Single Board Computer for HD XVideo?

Luc Verhaegen libv at
Tue Jan 2 11:47:32 PST 2007

On Wed, Jan 03, 2007 at 01:49:39AM +0900, Carsten Haitzler wrote:
> On Sun, 24 Dec 2006 11:06:27 +0000 Tomas Carnecky <tom at> babbled:
> > Carsten Haitzler (The Rasterman) wrote:
> > > caved in and bought a microatx board - stuck an nv6600gt in it and now hdtv
> > > is slick, smooth and dreamy (using fragment shaders tho for yuv->rgb and u
> > > can do much more fun things with the video then)
> > > 
> > 
> > Why not use the XVideo extension? It can do the conversion and scaling 
> > on the card if the driver supports that.
> because i can't overlay and blend multiple videos at high resolution.
> "overlays" of osd's and underlays etc. won't be limited to yuv 422 etc. i
> can get full argb32 overlays and ui elements mixed with video, blending etc.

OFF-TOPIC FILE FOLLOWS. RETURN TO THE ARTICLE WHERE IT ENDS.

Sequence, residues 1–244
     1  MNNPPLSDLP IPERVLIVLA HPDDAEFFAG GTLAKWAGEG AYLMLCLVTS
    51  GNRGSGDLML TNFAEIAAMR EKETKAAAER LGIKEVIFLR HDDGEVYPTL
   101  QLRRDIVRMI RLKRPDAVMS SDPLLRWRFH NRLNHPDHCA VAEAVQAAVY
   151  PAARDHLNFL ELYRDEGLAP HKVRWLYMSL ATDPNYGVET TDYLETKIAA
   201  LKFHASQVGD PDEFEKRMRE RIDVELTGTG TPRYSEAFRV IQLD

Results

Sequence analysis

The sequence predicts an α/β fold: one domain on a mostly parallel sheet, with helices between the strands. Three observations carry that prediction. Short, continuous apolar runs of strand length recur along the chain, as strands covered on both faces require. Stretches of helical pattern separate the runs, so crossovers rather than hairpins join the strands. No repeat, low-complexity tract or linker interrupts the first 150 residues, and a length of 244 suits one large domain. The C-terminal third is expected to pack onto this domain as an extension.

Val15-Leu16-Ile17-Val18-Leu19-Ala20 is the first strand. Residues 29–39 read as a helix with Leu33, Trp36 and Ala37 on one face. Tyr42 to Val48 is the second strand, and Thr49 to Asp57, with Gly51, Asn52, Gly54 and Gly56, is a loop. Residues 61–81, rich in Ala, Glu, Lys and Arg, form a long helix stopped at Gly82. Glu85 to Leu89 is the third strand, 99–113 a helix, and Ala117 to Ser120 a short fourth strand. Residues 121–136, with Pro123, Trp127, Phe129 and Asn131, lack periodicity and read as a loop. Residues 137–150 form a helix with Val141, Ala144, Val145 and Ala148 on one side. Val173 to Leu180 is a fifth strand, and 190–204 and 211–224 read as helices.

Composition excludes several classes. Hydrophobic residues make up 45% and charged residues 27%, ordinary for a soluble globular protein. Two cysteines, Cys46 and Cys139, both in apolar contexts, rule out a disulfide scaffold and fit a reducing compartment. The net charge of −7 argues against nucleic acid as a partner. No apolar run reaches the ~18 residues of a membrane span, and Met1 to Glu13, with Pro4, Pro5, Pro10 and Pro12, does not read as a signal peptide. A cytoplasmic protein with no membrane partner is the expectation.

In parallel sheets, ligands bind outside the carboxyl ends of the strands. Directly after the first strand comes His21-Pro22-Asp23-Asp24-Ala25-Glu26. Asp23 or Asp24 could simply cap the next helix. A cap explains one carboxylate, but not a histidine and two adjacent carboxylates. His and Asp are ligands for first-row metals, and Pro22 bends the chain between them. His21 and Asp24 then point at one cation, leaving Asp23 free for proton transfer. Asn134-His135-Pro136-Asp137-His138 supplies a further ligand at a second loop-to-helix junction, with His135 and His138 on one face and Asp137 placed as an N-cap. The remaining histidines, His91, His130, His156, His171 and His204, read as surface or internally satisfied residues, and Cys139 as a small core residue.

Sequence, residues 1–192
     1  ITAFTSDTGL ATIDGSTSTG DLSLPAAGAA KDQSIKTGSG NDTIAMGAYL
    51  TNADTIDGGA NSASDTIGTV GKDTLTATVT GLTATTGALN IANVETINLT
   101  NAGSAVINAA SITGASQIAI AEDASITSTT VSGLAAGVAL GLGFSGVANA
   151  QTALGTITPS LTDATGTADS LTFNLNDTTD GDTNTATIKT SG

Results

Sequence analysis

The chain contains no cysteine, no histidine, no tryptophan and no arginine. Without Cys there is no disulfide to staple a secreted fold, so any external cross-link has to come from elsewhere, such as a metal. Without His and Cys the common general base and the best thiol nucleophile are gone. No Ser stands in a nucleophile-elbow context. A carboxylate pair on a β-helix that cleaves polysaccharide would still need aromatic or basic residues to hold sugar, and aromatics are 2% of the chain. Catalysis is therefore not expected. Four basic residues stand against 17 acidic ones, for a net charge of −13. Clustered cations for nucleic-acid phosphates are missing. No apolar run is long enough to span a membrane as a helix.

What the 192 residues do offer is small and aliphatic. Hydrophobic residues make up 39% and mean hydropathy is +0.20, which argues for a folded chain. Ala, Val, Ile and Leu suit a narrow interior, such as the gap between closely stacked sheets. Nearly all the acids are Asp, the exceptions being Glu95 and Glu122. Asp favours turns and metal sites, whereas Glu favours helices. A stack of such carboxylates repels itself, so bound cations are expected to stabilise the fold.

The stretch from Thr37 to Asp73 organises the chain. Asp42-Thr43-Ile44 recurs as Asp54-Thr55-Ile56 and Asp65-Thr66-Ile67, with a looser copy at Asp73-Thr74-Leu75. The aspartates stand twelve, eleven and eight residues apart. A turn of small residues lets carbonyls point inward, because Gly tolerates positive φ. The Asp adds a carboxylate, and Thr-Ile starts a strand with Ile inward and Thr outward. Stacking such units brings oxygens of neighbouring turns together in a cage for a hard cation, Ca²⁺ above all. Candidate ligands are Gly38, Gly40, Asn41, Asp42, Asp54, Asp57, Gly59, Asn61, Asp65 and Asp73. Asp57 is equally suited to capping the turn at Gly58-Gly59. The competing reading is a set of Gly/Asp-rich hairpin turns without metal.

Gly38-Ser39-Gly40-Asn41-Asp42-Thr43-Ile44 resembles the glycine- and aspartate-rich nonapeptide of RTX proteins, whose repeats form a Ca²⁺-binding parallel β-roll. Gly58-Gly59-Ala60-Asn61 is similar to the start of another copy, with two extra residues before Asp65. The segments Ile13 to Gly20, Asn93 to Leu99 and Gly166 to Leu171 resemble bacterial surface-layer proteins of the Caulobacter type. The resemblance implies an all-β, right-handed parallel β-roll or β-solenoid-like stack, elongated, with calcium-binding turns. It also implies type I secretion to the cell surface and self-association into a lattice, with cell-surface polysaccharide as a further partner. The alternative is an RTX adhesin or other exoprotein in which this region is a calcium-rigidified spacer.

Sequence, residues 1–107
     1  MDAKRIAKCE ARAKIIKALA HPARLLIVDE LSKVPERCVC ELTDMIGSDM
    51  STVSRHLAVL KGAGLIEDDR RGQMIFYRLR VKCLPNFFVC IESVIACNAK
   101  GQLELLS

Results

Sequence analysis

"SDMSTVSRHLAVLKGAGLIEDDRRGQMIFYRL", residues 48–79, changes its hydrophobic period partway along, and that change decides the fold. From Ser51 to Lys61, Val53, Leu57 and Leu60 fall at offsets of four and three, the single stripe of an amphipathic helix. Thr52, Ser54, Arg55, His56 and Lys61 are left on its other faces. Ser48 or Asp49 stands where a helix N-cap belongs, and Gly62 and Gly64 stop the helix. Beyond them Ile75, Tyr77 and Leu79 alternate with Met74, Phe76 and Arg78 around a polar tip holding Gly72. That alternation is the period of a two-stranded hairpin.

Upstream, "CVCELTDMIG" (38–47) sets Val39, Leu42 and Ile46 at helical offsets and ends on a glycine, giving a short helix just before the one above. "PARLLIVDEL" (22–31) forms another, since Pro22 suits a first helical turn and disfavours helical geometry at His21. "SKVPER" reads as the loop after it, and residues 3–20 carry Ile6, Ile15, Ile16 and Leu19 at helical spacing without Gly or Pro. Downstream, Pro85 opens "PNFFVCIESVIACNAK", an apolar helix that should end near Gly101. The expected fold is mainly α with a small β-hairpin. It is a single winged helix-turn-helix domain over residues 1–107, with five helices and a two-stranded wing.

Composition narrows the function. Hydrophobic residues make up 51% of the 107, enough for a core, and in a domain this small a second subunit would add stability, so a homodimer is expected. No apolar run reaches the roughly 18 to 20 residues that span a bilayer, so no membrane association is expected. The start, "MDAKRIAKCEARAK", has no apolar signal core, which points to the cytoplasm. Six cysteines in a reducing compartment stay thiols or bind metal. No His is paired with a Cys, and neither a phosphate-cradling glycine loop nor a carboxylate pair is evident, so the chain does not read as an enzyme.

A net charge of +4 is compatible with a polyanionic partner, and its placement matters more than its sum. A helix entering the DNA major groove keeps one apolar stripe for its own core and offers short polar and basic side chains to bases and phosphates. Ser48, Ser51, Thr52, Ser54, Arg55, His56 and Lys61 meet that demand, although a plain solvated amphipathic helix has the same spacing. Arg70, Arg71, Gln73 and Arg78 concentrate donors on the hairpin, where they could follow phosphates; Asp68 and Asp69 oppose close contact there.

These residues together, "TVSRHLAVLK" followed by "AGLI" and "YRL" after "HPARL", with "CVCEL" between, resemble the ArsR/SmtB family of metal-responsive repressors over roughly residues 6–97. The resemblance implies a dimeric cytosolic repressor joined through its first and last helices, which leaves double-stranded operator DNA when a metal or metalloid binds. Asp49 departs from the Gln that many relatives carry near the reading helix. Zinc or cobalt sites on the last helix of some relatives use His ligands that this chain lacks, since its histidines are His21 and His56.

> this way video is just a normal piece of gfx with no bizarr-o colorkeyed
> overlays and limitations. they slide into a complex display pipeline seamlessly
> without arbitrary limits :)
Most unichromes can have two overlays, and can compose the two overlays 
with the FB at 4bit alpha. I think that many hw overlay implementations 
of this millenium allow quite complex setups in respect to compositing 
and format conversion.

Unichromes (in general - so YMMV) support YUV to RGB texture conversion. 
So this is far from exclusive to discrete hardware. I do think that, if 
the previous is available, you should stay away from a shader based 
YUV-RGB conversion on IGP.

So, hw overlays or not, or 3D engine or not, that's not the real issue. 

It's memory bandwidth and latency that are the major issues on IGPs.
High resolution video, however it is handled, will be most limited by 
those. And this is where dedicated memory and a highly optimised RAM 
controller wins, not anywhere else.

Luc Verhaegen.

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